Thomas leaned back and toyed with his glass. “Teri Loubi. The oldest of the Loubi children. She was 22 when she died.”
“That’s a shame.”
“Hmmm. Her and I were… entangled. If you know what I mean,” Thomas winked to empathize his point. Walsh continued to stare at him.
“She told me-“
“Let me guess,” Walsh interrupts, “The place is haunted.”
“No. She told me that her mother wanted to sell it. Teri hated that idea. She wanted to stay. But Annabeth wanted to get her family out of this little dump. She was going to sell to some corporate big-league. Nice piece of land it was, you’ve seen it.”
Walsh nodded incredulously.
“Teri tells me that one night Miss Wilma Dainty comes in like a storm. She’s screaming and hollering. You would think her hair was on fire. She’s telling Annabeth that she can’t sell the land. That they can’t allow some outsiders to come in here with their development plans and the like.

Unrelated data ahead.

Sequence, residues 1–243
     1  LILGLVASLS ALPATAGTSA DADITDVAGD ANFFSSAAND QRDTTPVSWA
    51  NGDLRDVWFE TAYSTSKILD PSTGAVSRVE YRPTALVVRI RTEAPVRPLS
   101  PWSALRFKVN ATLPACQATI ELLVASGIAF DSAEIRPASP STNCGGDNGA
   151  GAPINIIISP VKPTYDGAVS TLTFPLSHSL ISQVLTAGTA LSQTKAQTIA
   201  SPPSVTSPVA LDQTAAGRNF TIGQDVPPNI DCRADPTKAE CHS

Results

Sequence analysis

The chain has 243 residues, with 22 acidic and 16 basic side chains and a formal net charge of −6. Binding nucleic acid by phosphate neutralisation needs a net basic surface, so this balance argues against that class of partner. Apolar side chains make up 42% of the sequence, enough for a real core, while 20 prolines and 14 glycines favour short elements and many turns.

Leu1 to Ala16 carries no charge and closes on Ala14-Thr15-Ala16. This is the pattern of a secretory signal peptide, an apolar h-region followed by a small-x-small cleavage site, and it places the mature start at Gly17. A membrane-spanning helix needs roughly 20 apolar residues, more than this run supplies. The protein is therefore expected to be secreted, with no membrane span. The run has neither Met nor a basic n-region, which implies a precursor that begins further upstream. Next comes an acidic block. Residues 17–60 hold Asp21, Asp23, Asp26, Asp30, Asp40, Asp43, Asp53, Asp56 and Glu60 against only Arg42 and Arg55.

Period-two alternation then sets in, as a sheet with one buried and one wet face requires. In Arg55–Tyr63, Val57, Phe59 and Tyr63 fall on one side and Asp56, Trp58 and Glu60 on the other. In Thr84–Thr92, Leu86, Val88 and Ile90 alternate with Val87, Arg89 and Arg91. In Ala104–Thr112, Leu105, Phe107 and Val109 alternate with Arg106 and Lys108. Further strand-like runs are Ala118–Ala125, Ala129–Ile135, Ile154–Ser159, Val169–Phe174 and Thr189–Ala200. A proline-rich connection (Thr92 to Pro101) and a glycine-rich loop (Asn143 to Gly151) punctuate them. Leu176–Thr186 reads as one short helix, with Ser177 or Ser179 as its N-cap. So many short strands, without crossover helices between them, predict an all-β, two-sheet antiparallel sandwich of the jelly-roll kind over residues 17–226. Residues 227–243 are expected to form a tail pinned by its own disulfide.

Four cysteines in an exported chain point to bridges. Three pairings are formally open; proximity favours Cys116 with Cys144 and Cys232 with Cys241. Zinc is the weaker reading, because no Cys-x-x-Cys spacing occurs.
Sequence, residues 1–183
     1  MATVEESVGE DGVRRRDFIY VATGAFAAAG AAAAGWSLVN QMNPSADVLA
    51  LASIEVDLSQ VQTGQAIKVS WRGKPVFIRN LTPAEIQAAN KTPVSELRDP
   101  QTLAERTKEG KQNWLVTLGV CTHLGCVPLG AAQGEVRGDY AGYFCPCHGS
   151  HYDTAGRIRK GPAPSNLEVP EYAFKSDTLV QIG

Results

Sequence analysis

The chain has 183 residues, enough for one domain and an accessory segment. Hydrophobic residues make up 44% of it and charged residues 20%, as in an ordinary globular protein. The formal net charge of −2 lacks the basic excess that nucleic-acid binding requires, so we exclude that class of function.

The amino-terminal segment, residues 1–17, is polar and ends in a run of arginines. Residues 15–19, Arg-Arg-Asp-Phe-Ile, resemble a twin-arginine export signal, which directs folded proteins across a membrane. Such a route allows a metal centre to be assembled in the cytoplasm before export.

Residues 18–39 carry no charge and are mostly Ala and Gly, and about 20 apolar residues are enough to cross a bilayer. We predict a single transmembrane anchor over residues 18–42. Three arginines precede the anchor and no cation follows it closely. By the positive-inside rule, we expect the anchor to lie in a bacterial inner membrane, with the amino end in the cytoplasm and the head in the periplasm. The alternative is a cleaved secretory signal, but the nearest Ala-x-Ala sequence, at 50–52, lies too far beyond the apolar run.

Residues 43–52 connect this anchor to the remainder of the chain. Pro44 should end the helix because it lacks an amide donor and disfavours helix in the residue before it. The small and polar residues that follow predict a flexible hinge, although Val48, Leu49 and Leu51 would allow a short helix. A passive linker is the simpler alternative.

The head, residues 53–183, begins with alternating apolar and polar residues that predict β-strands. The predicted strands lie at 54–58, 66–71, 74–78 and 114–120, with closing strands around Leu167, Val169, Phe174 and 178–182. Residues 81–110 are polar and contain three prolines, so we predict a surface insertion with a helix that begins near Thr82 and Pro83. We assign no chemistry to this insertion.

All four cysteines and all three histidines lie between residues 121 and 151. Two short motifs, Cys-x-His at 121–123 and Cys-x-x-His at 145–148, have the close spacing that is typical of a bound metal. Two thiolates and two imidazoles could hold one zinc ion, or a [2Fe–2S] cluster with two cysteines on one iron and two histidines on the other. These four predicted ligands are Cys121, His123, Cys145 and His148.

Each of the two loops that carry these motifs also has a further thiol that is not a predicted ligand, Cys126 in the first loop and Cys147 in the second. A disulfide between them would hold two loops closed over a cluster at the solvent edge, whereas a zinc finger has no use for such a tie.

And Annabeth, god rest her soul, tells Miss Dainty ‘you can’t tell me what to do’.”
Thomas took a sip of his drink, “And less than a week later, the whole place burns down, the whole family inside.”
“What are you saying?”
“It’d be a shame after all that time, work, money, and commitment, if the whole thing just burned down.”
“Are you threatening me?”
Thomas leaned forward, grabbing his glass and making some of the beer swish over the edge. “A threat? It’s a warning, Walsh. Lighting isn’t always random. You don’t know the smell of charred flesh like I do.”
Walsh sat back, his eyes wide and his jaw tight.
“Take the loss, yeah? Get out,” Thomas said.
Walsh looked down at his drink. “It’s my father’s money.”
“You got your father’s money and I got my father’s debt.” Thomas clinked his glass against Walsh’s. Walsh had gone pale. He stood. “Hey. Some towns aren’t meant to change. They just fade away.”
Walsh left in a hurry. Step five. Check.
As the red Charlette pulled out, the town was safe, because the towns people weren’t too keen on change.